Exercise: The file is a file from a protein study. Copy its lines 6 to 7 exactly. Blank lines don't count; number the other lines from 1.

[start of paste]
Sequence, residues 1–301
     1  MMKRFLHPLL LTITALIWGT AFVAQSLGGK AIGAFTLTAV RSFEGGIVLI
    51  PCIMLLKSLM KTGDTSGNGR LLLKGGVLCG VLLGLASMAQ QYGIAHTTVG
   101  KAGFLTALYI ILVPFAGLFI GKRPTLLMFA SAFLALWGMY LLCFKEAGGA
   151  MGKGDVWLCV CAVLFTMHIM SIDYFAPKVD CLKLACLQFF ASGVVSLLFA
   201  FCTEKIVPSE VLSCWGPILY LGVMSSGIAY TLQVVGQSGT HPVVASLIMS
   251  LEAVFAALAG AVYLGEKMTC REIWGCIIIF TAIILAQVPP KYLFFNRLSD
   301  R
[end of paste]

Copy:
   201  FCTEKIVPSE VLSCWGPILY LGVMSSGIAY TLQVVGQSGT HPVVASLIMS
   251  LEAVFAALAG AVYLGEKMTC REIWGCIIIF TAIILAQVPP KYLFFNRLSD